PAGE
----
Wednesday, July 28, 2010

Western vs. Eastern logic

In Our Oriental Heritage, Will Durant explains the Hindu system of logic. Like categorical logic in the Aristotelian system, Hindu logic recognizes the central place of the middle term, but the structure in its stated form is slightly different. Whereas the Aristotelian system contains only three premises:
(1) All men are mortal
(2) Socrates is a man
(3) Therefore, Socrates is mortal
The Hindu expression of the argument contains five statements:
(1) Socrates is mortal
(2) For he is a man
(3) All men are mortal
(4) Socrates is a man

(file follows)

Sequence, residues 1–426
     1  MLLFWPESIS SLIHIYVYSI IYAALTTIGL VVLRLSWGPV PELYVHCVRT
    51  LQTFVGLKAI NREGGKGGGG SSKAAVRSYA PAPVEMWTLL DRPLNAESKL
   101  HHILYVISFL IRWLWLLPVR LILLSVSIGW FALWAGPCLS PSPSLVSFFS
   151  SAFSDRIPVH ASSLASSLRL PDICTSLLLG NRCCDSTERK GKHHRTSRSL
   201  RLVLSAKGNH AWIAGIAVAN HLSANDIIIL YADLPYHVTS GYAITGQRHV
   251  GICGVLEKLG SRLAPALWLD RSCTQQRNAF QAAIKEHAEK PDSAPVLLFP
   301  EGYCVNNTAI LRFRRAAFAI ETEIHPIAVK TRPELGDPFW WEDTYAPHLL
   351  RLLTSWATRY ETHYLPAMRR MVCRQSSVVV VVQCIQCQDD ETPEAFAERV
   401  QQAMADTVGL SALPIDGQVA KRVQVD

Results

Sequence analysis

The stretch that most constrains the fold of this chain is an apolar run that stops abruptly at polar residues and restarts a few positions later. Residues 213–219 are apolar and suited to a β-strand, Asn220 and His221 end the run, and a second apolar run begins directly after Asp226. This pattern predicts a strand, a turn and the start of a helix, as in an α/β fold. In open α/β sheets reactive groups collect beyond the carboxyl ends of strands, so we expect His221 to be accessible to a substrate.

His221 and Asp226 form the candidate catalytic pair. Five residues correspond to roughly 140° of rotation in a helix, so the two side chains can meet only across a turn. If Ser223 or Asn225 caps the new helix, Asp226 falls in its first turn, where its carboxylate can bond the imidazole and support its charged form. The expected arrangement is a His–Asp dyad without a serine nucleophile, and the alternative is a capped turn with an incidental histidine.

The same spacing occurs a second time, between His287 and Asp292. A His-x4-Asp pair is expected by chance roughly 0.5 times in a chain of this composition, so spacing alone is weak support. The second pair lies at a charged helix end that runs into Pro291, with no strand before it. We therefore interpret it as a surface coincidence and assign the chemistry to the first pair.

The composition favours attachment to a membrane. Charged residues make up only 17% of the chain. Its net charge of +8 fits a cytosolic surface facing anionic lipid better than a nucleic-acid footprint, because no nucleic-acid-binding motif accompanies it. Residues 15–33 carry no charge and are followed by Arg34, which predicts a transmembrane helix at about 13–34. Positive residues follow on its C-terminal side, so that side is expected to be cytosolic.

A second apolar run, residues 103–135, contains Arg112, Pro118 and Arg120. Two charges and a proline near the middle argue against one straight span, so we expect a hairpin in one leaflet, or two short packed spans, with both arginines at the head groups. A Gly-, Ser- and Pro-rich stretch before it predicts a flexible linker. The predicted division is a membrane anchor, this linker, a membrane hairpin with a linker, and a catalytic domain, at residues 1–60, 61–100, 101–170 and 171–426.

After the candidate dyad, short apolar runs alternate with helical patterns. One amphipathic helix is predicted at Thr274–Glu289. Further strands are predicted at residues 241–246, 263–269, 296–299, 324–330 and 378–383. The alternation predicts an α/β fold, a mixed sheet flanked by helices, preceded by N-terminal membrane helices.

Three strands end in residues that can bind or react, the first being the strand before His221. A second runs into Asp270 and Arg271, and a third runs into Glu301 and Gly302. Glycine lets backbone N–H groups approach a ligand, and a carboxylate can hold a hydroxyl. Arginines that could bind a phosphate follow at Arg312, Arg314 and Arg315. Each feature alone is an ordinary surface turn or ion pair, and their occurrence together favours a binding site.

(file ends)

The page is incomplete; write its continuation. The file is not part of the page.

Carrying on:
(5) Therefore Socrates is mortal
Now there is nothing fundamentally different about the nature of the reasoning in these respective forms; the only difference is in the expression. Note that the first and fifth statements in the Hindu syllogism are the same, as are the second and fourth. All the Hindu syllogism does is to state at the beginning where the argument is going and bring attention to the minor premise. It is really an enthymeme of the Aristotelian form appended to the beginning.

There is a lot of talk about how different Eastern logic is from Western, but if there is a difference, it certainly isn't evident here.

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